Terracotta stoves, although expensive, act like storage heaters. You'll need a few hours of fuelling to get them up to heat, but once they're hot, they'll keep the room hot all night. Last winter, I'd feed the stove for 2-3 hours before bedtime, get the room up to about 24C. In the morning it was sometimes 29C as the stove continues to heat up the room overnight. Even by the time I went up to the bedroom the following day it would still be 18C or so (-10 outside) giving me a headstart on heating the room the following night.

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    1. That's great, thank you. It will be a case of trial and error the first year I think. It's nice that someone has advice which doesn't include two radiators in every room! As for wood, we got the first 10 cubic metres unchopped and Dave chopped it, some may be a bit small. But the second lot we got ready chopped and most of it is chunkier so it looks as if we (he) have done something right!

      And thank you for reading the blog.

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  2. Hi Dave & Sara

    Just to say I am enjoying your blog it is Jackie from Lab Rescue UK:) I have had a good catch up today, it is so interesting to read how you are getting on out there. Hope you got some sleep after the dog break in!

    Take care both of you, I will no doubt post again at some point.
    Jackie xx

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    1. Hi Jackie, and thank you. It's lovely to get feedback, especially from someone you 'know'. The dog has been back, would make a lovely friend for Bella........haha

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  3. Romfoody is quite right about different sized logs. Ideally the smaller pieces to get the fire going would be softwood (pine for instance) and the chunkier, burn all night pieces would be hardwood (something like oak).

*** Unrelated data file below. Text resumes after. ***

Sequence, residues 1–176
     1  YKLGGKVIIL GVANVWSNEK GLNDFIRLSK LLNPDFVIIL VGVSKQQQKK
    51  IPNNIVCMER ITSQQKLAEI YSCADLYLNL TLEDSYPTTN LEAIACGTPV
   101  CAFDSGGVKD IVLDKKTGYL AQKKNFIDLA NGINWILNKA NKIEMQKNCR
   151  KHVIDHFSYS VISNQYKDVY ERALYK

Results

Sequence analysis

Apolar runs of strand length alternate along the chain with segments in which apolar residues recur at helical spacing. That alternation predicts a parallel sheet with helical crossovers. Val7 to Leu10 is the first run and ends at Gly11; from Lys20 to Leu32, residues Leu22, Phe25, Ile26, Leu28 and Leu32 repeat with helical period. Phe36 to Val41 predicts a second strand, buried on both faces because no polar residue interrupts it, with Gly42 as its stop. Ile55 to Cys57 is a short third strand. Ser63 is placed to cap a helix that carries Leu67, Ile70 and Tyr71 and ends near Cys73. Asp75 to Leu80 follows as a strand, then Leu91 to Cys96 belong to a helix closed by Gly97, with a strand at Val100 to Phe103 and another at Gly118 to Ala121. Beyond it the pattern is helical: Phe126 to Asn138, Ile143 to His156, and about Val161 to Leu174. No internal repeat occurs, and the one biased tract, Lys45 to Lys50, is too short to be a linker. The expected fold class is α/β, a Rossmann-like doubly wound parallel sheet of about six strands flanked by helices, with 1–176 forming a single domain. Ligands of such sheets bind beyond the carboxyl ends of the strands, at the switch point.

If you get a flue and take it across the room try not to make the angle too shallow. Also, get a flue damper. When you go to sleep you can restrict the flow of air and the wood should burn for longer.

    A couple of links for you (or more likely Dave):

    http://voices.yahoo.com/5-tips-properly-set-wood-stove-209721.html

    http://www.stovefittersmanual.co.uk/articles/fitting-a-wood-burner-through-the-wall/

    I love reading your blog and so does my OH, I'm still very jealous.

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    1. Thank you, and thank you. Dave has had a look at the websites mentioned and has found them really interesting. I haven't had time, the internet has been down (weather)

      I know you dream of having your own place, and if you really want it you will. We waited a long time and it has taken nearly all our capital, but we love it so far and hope we will be able to carry on for years yet. Thank you for reading the blog, it means a lot.

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    2. If you can get past the sheer madness of some (most) of their views (some type of armageddun fear)then prepper sites and videos are really good to see how people have overcome lack of power etc in their "retreats", how they store food without refridgeration (mineral oil on eggs for instance) and lots of other (I think) pretty cool stuff.

      http://www.prepperwebsite.com/

      has lots of links to other sites and blogs.

      I have your blog bookmarked and come back at least once a day!

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  4. Im buying my first property in Bulgaria in 2 months, and i love reading your blog its like a really good book and packed with loads of information :) thank you :)

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    1. Thank you Ian and welcome, I have to say, though, that I am struggling to find something new to write after two years!

      Good luck in finding your niche in Bulgaria